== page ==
- Get your kids involved. Kids might enjoy helping out in the kitchen, picking meals for the week or weighing in on ways to make the family more active. Encourage them to select a meal or give them a list of healthy snacks and ask which ones they’d like to have around the house. Have them brainstorm a list of fun activities you can add to your weekends to increase everyone’s activity levels.
- Eat meals together when possible. With hectic and varying schedules, it can be hard to find time to sit down for family meals together, but according to the Department of Homeland Security, eating meals together has a lot of benefits, including improving family relationships and promoting healthier eating. Even if it’s not every day, maybe your family can commit to Sunday dinners or Saturday morning breakfasts. Use this time to check in with each other, model good food choices and try new recipes.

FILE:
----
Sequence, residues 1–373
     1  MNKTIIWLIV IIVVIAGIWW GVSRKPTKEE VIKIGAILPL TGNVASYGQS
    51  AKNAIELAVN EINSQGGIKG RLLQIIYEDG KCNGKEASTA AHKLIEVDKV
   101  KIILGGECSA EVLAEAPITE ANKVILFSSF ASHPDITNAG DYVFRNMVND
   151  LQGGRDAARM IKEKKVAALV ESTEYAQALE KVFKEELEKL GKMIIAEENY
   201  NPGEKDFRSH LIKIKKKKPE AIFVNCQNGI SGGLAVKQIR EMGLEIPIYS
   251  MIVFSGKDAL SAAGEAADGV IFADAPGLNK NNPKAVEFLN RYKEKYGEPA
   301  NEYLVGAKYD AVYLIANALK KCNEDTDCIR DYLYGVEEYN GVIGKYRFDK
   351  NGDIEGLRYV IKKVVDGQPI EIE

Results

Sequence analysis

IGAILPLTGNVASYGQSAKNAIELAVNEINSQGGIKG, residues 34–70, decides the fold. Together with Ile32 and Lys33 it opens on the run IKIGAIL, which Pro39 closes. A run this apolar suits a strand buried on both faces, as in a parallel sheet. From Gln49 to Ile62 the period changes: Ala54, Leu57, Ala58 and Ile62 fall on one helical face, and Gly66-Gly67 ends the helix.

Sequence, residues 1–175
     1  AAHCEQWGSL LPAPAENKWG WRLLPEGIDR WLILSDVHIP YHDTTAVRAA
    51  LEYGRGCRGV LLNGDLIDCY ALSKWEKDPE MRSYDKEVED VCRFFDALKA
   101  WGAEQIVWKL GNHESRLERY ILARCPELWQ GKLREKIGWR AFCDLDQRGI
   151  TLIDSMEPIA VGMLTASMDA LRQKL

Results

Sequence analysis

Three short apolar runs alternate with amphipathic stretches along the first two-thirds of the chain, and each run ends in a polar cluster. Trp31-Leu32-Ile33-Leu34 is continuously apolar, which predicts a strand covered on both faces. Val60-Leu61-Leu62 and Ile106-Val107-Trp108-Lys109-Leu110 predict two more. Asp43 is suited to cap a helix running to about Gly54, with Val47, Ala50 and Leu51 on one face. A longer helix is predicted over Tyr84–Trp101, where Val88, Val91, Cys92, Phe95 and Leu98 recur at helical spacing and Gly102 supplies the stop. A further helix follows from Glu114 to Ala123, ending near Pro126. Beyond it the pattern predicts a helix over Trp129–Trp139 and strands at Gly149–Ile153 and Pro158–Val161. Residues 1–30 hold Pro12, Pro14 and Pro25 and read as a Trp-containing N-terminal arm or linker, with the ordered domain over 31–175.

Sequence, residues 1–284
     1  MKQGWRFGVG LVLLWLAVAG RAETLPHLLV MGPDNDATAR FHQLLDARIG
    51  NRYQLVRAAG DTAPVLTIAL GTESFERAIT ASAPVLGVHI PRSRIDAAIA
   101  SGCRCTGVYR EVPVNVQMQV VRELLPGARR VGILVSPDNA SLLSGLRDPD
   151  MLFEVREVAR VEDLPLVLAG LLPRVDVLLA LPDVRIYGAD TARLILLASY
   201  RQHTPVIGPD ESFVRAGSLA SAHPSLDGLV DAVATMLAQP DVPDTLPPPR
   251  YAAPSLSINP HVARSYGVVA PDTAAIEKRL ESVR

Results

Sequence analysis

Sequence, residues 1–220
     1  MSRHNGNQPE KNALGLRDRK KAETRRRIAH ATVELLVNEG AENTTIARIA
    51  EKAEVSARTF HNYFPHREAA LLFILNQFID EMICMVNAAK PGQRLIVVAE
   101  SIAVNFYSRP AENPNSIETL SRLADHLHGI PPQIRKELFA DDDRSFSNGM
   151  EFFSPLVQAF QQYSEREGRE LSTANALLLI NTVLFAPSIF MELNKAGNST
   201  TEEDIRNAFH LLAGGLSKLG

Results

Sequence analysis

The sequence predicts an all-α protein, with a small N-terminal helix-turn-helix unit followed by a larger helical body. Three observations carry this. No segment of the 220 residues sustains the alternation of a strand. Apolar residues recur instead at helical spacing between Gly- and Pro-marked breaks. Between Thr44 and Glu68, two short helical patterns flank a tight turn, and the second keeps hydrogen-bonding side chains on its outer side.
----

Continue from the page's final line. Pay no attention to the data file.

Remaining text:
- Ensure your kids get enough rest. According to the CDC, children who don’t get enough rest have a higher risk for many health and behavior problems, including obesity, diabetes and poor mental health. Check out the CDC’s guidelines for how much sleep children should get based on their age, as well as some tips for how to ensure they get it.
- Be open about your choices. Make sure your kids know the “why” behind your decisions. For example, if they ask for a sugary sports drink, look at the label together and see how much sugar it contains. If you’re eating a vegetable for dinner – even if they’re not eating it – explain why you chose it. These mini lessons will help them make healthy decisions on their own.